Little Lamb

Image, by Winnie C, Pixabay

Little lamb, who made thee?
Dost thou know who made thee,
Gave thee life, and bade thee feed
By the stream and o’er the mead
Gave thee clothing of delight,
Softest clothing, woolly, bright;
Gave thee such a tender voice,
Making all the vales rejoice?
Little Lamb, who made thee?
Dost thou know who made thee?
– William Blake

Many of us are familiar with the shepherding analogies of the Bible, from the shepherd boy David penning the 23rd Psalm, to Jesus’ telling the parable of the good shepherd who searches for the one lost sheep.

Human beings have often been compared to sheep, because we exhibit so much of the same behaviour, tending to flock together, often heedless and helpless in the face of danger, and in need of provision.  But one thing sheep do possess, and that is an instinctive knowing of their shepherd’s voice.  A friend who once raised sheep on the family farm testified to that, saying that her husband could call the sheep from a faraway field and they would come, but that they would totally ignore her.

In Matthew 25, Jesus pictures Judgment Day as a process similar to that of a shepherd separating the sheep from the goats.  My knee-jerk reaction sometimes saw that as discrimination.    Certainly, we love our little kid goats, too – our family farm included Susie, the goat, a curious and playful and resourceful creature.  But goats and sheep are different in personality, with different food needs, vulnerable to different diseases and hazards.

Jesus’ parable was perhaps not so much about sheep and goats themselves but to show that these natures are clearly distinguishable: the criteria would be based on our treatment of others.  When we ignore the needy we are distancing ourselves from our own intrinsic humanity.   How we react when we see others hungry, or thirsty, in need of clothing or hospitality or in prison is crucial.  Our response is given as if to Jesus himself, who loves his sheep like a shepherd.

Pastoral care is also that kind of shepherding, alert to the straying ones, using the oil of kindness to assuage the wounded ones, giving direction by being that orienting voice that leads them, searches for and provides for their spiritual nourishment.   Especially in times of social distancing, it is important that people can hear their leader’s voice, and that leaders have a sense of where people are.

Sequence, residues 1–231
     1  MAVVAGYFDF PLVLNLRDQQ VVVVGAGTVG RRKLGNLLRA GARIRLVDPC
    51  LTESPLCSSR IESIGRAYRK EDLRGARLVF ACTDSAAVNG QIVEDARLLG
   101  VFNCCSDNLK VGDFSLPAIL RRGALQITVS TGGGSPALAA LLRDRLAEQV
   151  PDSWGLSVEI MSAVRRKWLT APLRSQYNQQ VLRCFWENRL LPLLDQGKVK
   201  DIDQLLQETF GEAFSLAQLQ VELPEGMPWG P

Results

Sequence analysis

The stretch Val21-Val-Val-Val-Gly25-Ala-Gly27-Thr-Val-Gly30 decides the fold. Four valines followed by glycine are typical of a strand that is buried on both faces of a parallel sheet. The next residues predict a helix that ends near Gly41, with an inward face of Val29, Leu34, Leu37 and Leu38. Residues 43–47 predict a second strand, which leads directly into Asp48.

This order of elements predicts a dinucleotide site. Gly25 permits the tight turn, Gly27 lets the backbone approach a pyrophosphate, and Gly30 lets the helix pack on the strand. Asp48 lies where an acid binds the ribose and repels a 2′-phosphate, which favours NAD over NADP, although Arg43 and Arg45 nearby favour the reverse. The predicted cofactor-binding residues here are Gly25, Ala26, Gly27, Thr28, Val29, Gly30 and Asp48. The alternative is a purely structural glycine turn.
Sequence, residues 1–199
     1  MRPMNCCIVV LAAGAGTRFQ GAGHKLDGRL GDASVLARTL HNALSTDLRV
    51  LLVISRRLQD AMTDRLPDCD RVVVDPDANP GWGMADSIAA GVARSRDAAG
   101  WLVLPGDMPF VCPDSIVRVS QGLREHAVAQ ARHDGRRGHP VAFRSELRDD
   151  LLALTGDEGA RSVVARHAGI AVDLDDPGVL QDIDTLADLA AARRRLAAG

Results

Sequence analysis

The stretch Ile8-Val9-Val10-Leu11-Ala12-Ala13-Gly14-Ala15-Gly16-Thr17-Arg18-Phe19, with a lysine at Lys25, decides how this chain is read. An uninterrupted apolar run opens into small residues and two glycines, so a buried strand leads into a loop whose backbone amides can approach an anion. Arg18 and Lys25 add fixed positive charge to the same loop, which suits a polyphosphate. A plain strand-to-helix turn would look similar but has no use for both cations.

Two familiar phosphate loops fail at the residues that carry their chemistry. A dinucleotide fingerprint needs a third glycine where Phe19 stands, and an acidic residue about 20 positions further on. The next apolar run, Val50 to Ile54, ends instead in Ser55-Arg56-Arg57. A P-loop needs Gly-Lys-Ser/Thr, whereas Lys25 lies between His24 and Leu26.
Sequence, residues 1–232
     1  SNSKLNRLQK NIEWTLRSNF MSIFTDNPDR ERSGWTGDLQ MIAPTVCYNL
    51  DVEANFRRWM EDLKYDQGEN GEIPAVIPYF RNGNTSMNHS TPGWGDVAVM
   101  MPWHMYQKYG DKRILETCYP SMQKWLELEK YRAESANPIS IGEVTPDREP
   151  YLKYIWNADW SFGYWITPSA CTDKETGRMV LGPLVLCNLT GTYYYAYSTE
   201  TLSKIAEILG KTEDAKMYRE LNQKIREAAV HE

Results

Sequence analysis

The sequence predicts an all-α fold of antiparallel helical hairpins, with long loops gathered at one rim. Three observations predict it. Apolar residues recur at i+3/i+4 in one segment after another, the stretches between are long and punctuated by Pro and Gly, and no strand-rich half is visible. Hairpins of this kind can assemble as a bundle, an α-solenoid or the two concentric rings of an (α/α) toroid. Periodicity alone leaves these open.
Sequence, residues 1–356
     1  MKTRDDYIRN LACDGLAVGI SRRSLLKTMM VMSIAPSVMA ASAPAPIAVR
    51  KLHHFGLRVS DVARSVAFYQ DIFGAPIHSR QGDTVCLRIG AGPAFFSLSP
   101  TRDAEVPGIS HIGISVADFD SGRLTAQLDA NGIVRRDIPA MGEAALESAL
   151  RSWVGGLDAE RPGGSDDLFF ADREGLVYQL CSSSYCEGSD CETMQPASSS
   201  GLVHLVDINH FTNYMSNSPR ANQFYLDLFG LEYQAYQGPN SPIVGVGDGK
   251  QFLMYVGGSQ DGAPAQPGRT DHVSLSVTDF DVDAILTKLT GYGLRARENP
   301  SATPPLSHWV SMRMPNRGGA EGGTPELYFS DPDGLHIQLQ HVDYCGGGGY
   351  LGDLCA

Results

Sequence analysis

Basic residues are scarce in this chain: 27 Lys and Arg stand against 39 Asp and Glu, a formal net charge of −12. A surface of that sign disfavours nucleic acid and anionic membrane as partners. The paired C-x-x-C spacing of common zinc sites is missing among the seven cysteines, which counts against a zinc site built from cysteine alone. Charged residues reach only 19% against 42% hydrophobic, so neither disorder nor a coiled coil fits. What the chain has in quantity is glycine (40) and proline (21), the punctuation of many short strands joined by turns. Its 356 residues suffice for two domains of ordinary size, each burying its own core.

Every day, a shepherd would call out his sheep from the fold, to set out for the pasture.  Unless we recognize the Shepherd’s voice, admit his leadership for both our unique and our common humanity, we cannot resource the provision God has made for humanity.  And God’s greatest providence has been the life of his Son, the great Shepherd who became the sacrificial lamb.

We are beginning the season of Advent.   Over two thousand years ago, Jesus was born in a stable in Bethlehem, the place near Jerusalem where the sacrificial lambs for the temple were kept.  Mary may very well have taken the strips the shepherds used to wrap baby lambs to help keep her newborn warm.  It was the angel’s sign to the awed shepherds, so that they would recognize the Messiah.  The Lamb of God and the Great Shepherd in one very seemingly tiny, vulnerable human being.

Little Lamb, I’ll tell thee,
Little Lamb, I’ll tell thee;
He is called by thy name,
For He calls Himself a Lamb.
He is meek, and He is mild;
He became a little child.
I a child, and thou a lamb,
We are called by His name.
Little Lamb, God bless thee!
Little Lamb, God bless thee.
– William Blake


Although we’ve had a balmy fall, the gales of November came slashing last weekend as they often do, the gusts blowing down fences and branches, and knocking out power in the Port Stanley area.   The woods to the west of us afford protection from the wind, but also threaten possible danger from toppled trees.  Here, on the north shore of Lake Erie, storm winds can send impressive and fiercely frightening surges of waves on to the shore.  It can be a humbling reminder of our insignificance.